FINA, the international swimming federation, has officially banned transgender women from competing in elite competitions if they’ve gone through male puberty, the New York Times reports. The new policy was announced on Sunday, June 19.
- The new requirements seem more reasonable to many. The policy requires that any transgender athletes wanting to compete in women’s competitions never went through male puberty or that puberty-blocking drugs began as soon as physical changes began to appear or before age 12, whichever occurred later.
- Athletes wanting to compete will have to go even further to prove themselves. Transgender athletes meeting the above condition will also need to prove to FINA that their testosterone levels have been continuously suppressed since the onset of puberty with no lapses in between.
- FINA believes the change is fair and just to all swimmers. FINA president Husain al-Musallam said in a statement: “We have to protect the rights of our athletes to compete, but we also have to protect competitive fairness at our events, especially the women’s category at FINA competitions.”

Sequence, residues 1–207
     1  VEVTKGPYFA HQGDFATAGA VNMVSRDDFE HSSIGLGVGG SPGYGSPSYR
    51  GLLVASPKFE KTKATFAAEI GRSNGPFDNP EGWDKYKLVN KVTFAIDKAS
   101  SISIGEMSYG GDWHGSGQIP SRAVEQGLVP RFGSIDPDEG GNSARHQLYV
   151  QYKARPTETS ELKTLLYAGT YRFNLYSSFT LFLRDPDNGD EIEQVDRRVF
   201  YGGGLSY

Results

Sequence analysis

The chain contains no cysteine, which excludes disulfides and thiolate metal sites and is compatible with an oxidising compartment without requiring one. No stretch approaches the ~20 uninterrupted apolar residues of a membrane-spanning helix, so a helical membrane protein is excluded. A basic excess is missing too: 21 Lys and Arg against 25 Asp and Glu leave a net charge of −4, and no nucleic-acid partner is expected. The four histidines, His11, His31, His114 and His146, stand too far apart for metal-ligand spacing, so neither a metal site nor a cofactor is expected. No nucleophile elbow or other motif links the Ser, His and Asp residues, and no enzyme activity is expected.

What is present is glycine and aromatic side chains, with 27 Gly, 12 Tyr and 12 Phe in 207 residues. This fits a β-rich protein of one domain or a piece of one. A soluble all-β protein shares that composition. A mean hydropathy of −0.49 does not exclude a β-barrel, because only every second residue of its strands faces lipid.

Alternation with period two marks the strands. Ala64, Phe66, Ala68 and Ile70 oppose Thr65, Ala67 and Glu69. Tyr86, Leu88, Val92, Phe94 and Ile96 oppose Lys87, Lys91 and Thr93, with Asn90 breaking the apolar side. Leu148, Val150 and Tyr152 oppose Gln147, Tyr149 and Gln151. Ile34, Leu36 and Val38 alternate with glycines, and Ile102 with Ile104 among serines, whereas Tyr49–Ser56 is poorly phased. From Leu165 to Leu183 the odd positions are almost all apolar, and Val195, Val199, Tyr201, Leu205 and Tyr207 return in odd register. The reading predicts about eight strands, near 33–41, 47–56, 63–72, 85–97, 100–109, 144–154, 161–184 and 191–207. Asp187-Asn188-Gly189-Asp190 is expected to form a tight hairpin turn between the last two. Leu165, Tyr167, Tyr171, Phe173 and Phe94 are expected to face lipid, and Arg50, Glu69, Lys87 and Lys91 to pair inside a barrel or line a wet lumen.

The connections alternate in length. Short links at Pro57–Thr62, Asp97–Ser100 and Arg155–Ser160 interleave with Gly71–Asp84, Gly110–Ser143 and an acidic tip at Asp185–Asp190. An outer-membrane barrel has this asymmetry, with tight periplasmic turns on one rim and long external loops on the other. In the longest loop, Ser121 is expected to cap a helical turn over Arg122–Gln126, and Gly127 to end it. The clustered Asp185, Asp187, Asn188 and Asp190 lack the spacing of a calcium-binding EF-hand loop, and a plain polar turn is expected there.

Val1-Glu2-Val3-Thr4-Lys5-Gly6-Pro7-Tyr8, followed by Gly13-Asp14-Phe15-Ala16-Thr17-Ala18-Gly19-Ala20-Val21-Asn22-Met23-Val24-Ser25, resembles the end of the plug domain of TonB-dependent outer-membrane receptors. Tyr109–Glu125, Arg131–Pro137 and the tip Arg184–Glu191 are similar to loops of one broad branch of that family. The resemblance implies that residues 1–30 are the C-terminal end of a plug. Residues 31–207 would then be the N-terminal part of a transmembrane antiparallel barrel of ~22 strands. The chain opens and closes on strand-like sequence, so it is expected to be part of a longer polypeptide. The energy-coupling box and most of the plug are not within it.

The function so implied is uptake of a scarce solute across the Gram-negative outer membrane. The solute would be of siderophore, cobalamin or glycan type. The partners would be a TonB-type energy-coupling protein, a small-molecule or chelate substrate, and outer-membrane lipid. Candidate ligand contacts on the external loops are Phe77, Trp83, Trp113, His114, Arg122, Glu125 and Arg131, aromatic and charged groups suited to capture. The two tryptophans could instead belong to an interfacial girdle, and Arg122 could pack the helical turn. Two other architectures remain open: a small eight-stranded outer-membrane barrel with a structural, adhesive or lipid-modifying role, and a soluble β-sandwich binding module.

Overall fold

- An additional category has also been introduced. FINA went even further to even the playing field by introducing an open category to allow every athlete “the opportunity to compete at an elite level.”
- The policy was voted in by 71.5% of Members Federations. It was first devised by a working group that came together in November 2021 and included scientists, medical and legal experts, and athletes in order to find the right answer to what has become an increasingly tense issue in the sport. The new policy will be in effect as of Monday, June 20.